Myanmar’s military junta has floated a cyber security law that would ban the use of virtual private networks, under penalty of imprisonment and/or fines, leaving digital rights organisations concerned about the effects of further closing the country off digitally to the outside world.
The draft bill, dated January 13 is signed by Soe Thein, permanent secretary of the military’s transport and communications ministry and is undergoing request for comments until January 28. Upon adoption, it will subject VPN users to between one and three years inside, and fines of up to five million Myanmar Kyats ($2,800).
The bill also bans the use of digital currency, under penalty of imprisonment for six months to a year, and the same fine used to deter VPN use.
Furthermore, it obligates service providers to provide the personal information of users – like name, address and access history – to authorities if requested. Similar stipulations have caused telcos to leave the region in the past. Norwegian mobile carrier Telenor left in September 2021 when the ruling junta wanted to intercept calls carried on its network.
For many in Myanmar, Facebook is synonymous with the internet. As the country faced a military coup in February 2021, the newly installed Tatmadaw banned Facebook, Instagram, and Twitter, prompting users in the country to rely on VPNs to retain access to their preferred online communication services.
Around the same time as the prohibition on social media, a proposed VPN ban hit strong objections from both tech and commerce advocate organisations, thus allowing the country’s internet users to continue to communicate without changing platforms.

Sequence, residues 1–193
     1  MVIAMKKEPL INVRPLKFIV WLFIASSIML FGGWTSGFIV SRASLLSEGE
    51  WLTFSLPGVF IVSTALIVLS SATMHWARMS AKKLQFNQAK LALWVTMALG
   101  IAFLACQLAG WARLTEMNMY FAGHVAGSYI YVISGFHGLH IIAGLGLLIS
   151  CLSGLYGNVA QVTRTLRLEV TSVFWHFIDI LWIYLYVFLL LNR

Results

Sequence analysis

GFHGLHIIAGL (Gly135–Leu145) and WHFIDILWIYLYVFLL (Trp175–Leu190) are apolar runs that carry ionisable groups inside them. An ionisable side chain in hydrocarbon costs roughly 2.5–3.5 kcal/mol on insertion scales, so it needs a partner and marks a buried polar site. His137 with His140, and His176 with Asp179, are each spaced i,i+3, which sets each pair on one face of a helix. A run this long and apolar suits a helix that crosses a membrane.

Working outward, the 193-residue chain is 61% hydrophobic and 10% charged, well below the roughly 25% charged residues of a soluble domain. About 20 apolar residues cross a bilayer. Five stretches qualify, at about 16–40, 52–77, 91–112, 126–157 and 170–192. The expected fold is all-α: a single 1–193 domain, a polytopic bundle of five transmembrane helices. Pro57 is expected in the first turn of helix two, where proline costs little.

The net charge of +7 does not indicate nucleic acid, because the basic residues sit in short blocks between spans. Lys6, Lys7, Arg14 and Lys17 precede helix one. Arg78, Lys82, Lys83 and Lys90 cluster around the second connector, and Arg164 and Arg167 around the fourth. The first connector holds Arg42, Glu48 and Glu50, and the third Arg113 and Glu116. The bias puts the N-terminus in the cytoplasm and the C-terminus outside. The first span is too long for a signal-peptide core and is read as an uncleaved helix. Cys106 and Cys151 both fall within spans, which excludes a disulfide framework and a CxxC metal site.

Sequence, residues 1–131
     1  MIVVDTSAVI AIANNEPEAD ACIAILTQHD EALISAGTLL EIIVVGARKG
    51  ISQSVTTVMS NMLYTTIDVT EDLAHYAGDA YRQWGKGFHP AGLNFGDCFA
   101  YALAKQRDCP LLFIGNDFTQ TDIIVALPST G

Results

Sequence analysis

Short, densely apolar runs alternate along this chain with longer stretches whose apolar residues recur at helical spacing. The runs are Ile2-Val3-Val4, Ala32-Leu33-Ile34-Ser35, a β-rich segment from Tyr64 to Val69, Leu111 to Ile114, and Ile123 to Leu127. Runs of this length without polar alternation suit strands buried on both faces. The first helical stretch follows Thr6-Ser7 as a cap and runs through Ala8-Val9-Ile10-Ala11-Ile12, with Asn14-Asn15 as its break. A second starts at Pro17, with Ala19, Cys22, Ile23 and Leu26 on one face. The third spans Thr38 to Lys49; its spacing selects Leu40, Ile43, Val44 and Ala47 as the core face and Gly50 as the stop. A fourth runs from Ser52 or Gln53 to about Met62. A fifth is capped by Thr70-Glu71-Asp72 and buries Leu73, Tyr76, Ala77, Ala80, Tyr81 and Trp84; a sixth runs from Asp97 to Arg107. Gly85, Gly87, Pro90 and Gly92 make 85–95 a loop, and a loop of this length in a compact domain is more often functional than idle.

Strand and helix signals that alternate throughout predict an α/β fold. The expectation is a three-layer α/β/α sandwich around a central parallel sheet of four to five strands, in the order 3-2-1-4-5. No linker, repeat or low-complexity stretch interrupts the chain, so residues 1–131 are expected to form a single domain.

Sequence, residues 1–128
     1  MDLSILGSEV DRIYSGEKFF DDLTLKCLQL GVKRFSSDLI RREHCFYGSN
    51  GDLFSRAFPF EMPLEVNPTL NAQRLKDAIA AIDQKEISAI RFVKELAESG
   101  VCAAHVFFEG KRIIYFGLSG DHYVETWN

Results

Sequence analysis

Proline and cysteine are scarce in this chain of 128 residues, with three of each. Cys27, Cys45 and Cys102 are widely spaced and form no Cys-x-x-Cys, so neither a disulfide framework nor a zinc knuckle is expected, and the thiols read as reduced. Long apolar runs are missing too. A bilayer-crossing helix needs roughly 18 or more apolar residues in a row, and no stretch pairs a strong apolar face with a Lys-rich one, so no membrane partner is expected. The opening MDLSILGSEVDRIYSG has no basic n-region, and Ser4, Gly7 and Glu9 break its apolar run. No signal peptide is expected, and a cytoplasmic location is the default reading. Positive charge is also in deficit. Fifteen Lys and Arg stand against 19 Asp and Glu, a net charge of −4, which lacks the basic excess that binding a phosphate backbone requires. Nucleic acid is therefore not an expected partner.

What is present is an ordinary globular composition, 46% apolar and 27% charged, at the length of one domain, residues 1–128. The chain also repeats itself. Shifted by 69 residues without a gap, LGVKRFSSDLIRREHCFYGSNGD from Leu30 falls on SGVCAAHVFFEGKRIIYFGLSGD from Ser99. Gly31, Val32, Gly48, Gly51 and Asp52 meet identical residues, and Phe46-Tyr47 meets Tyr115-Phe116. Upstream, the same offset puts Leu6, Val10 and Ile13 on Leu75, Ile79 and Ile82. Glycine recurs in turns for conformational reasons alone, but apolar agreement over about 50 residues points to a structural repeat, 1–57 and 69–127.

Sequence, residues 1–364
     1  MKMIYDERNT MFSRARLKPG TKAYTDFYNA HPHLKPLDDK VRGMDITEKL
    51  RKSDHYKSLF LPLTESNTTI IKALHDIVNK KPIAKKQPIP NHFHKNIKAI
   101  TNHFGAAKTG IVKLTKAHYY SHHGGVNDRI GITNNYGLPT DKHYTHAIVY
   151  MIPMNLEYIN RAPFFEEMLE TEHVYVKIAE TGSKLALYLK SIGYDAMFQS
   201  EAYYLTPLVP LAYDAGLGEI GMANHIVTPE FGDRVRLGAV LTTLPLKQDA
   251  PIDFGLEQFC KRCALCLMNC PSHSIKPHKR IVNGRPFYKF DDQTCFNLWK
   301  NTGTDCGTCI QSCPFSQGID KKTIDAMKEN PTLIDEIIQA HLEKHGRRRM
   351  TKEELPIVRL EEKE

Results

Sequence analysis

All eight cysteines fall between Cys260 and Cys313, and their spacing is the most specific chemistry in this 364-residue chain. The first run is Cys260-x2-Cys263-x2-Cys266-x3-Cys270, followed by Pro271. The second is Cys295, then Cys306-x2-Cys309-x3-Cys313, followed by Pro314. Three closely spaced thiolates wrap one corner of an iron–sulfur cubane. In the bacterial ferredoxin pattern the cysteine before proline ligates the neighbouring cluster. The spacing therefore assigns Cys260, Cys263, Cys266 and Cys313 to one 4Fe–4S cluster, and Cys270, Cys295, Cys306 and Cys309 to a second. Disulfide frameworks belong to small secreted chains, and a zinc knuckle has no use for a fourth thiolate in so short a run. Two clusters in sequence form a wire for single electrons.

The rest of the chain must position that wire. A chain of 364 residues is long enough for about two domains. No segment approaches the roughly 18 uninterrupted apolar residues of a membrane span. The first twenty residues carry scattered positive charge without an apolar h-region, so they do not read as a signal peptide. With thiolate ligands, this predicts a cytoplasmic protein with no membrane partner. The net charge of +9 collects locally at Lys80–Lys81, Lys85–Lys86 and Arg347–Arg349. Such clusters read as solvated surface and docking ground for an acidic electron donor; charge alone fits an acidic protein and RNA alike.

BBC Myanmar reported that the January 13 bill and its 115 clauses is stronger than the Junta’s efforts in 2021.
VPNs have long been a restricted technology in China, which also seeks to limit the material its citizens can access.
Digital and human rights advocates fear a VPN ban will damage pro-democracy organisations, like the National Unity Government, and benefit the military junta.
“The proposed bill is draconian, even by the standards of the Burmese military. The first version of the bill proposed in February 2021 was dropped after industry and civil society united to push back, but the military has been set on getting its way,” Alp Toker, director of NetBlocks, told The Register.
NetBlocks describes itself as “a global internet monitor working at the intersection of digital rights, cybersecurity and internet governance.”
Toker said VPN services were “requisite to connect with the outside world from Myanmar since the coup, due to restrictions on social media and international platforms imposed by the post-coup authority,” as well as “essential for business and international trade, particularly in the digital services sector.”
“These are certain to have a chilling effect on political speech and human rights, but ultimately this is only going to turn public sentiment further against military rule,” added Toker. ®